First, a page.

The Spring has truly begun. There are leaves on the trees, there is blue on the sky and there is chalk on the rock.
Come Easter weekend the sun was shining! Unfortunately this meant that Snowdonia suddenly got very very busy, so we retreated to bus-stop quarry to climb somewhere less crowded. This led to a session on Beltane – a wicked powerful 7b. It was very much a team effort working the route out, and it requires some fantastic big moves from the leader. Ed even managed a cheeky last-try redpoint! I’ll be back for mine soon…
The following day – with the sun out and so much daylight that we felt spoilt – it was time to see off some wishlist ticks. Running off Easter holiday psyche, we both jumped on routes we’d wanted to do for ages, but had always been able to find excuses not to do.
“you look smug”
Sitting on the rocks in the river below the Cromlech, Edmund observed the grin that had been stretched across my face since topping out Left Wall. The guide is right, it really does defy superlatives. I could wax lycrical for hours, or describe every move in the notes section of UKC, but theres no real point. For me it was very special, i enjoyed every moment, every move, with a very simple mantra, born of advice Edmund had given me, in mind.
‘Climb efficiently and make use of all rests’
I myself went for a route I had a fallen in love with at first sight: Cracking Up.
I’d first seen this lightning bolt crack on an evening run through Gideon quarries, during my first week in Llanberis. It is the absolute definition of striking, a jagged split through two huge blocks of slate, as though struck through the slate by THE MIGHTY ZEUS HIMSELF.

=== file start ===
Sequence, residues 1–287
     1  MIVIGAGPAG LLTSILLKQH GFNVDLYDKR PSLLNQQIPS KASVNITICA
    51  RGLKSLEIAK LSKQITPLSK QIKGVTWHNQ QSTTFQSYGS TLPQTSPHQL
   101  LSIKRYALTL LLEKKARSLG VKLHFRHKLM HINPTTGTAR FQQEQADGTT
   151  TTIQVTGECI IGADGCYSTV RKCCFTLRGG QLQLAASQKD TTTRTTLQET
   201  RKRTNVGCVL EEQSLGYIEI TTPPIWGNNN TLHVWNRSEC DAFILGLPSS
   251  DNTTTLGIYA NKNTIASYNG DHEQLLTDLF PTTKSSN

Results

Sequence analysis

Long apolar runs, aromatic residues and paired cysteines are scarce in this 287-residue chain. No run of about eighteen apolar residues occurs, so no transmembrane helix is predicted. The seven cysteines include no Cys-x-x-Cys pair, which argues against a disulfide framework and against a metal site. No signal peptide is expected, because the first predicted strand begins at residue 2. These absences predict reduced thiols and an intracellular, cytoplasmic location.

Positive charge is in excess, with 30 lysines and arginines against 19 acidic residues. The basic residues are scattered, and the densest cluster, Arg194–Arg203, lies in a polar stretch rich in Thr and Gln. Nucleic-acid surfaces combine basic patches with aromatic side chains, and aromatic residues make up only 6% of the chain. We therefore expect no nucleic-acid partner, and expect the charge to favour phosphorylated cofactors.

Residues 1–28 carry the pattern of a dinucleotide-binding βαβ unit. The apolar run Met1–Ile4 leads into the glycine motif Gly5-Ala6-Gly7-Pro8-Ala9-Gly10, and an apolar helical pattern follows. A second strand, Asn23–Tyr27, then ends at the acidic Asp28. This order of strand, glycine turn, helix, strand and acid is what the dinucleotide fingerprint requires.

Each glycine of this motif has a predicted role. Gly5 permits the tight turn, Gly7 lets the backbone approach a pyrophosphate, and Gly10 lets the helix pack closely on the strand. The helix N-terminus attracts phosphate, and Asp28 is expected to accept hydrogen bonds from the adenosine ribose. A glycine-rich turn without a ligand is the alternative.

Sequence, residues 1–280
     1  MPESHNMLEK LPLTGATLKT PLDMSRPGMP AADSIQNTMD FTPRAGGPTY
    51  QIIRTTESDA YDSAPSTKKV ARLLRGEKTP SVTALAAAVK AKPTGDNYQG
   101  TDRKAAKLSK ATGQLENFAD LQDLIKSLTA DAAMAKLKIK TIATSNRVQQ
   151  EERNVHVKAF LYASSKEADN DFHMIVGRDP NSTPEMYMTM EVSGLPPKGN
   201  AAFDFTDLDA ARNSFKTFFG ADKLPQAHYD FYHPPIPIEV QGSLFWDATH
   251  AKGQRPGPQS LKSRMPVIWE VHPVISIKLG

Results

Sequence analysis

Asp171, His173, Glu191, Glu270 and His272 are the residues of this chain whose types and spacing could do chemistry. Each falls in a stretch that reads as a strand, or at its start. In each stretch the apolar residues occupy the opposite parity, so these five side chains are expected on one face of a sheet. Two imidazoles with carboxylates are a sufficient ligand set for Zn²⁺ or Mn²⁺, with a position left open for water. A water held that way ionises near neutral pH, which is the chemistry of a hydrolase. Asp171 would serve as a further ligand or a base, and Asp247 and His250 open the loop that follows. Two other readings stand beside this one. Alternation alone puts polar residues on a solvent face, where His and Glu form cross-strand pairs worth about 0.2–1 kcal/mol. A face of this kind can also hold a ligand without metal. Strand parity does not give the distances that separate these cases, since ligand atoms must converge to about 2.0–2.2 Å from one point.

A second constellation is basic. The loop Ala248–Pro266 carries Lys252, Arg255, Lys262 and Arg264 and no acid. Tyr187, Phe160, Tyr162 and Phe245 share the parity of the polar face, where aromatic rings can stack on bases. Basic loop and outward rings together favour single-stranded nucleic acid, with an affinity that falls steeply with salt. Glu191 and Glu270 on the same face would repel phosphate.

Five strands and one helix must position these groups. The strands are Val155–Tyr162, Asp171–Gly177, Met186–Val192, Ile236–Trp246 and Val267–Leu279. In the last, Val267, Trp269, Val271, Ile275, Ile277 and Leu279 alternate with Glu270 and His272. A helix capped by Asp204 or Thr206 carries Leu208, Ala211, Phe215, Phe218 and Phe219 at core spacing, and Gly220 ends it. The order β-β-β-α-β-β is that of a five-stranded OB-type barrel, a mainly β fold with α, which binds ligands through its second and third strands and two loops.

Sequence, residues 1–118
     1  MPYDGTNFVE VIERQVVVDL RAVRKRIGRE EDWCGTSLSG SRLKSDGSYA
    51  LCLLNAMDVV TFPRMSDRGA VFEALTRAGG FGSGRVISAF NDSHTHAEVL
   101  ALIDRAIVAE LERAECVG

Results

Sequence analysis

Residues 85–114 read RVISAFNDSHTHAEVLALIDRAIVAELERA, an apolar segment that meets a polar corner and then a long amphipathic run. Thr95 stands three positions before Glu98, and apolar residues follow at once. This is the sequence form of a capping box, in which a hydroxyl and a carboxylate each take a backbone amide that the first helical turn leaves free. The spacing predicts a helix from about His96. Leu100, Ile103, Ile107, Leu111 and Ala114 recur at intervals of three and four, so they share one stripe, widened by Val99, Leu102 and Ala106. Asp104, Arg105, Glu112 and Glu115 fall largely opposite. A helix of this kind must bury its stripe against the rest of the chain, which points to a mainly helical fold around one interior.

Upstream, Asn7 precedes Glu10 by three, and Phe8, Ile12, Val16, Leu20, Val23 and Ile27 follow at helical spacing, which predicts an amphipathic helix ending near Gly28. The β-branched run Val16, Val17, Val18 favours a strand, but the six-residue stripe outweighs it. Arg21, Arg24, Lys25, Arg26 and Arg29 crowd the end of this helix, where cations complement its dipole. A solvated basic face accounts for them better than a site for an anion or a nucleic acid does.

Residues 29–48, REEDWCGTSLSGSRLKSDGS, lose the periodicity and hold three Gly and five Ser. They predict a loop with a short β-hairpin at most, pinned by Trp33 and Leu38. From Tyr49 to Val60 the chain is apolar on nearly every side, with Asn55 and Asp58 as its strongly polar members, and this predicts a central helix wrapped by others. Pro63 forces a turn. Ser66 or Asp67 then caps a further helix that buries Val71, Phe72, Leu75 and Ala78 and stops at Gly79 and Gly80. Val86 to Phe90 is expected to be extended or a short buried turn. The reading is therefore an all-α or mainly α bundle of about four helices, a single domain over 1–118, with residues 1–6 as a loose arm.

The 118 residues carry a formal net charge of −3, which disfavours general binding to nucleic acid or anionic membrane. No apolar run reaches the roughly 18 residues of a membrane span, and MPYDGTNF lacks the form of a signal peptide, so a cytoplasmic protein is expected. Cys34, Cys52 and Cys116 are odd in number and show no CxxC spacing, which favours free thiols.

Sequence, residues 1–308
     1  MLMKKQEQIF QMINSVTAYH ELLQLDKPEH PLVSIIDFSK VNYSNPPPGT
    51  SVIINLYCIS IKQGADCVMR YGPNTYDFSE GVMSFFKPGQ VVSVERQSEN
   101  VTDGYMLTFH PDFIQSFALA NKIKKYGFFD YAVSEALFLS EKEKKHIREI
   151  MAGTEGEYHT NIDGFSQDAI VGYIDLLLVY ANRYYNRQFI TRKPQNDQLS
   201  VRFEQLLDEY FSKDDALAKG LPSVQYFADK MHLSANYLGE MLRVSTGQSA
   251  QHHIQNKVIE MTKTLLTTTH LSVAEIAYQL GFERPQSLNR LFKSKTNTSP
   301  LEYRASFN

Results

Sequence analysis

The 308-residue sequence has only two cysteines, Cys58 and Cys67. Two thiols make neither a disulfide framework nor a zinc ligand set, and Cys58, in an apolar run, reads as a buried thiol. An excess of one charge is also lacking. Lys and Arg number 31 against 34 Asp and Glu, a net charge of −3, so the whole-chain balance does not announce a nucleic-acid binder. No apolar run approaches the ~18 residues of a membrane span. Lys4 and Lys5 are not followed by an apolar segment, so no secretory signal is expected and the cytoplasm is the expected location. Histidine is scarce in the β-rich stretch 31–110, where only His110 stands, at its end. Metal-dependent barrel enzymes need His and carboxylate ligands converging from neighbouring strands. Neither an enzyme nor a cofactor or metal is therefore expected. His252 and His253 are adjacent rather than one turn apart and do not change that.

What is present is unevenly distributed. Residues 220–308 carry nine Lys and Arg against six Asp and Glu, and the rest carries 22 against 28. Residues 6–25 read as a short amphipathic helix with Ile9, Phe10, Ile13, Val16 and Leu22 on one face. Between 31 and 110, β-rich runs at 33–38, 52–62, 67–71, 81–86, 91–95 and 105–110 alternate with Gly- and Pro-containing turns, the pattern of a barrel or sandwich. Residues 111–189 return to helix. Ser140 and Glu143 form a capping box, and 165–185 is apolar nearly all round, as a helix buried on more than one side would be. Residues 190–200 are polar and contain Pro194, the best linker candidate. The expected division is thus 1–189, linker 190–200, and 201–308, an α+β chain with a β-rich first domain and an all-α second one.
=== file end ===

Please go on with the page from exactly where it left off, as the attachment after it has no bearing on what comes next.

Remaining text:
That may be a little dramatic, but I think its a beautiful line, and I was absolutely convinced I wouldn’t onsight it.
The crux is contained in the lowest parts of the crack – getting off the floor. It starts out as frictionless ring locks with no hope of any real assistance from your feet, until it widens up into hands and fists. The inside of the crack is so clean, you can’t hide away from the jams required to climb it. Despite Stefan and Ed telling me I was ‘boshing’ it out, I must admit I was crapping my pants to begin with. It all just felt so improbable, squeezing friction out of this glassy rock – I was expecting to be spat out at any moment. But as I passed through Blue #5 cam territory and onto the first ledge I was on a total hype. This was type 1 climbing, all the jams had felt surprisingly solid!
I stood at the top for a moment and soaked in the feeling – I had been so prepared to be beaten by this crack, I had packed it out as my ‘crack climbing goal for the year’. And I’d just onsighted it! Guess that leaves me 4 months to try something harder then… The Dinorwig unconquerable perhaps?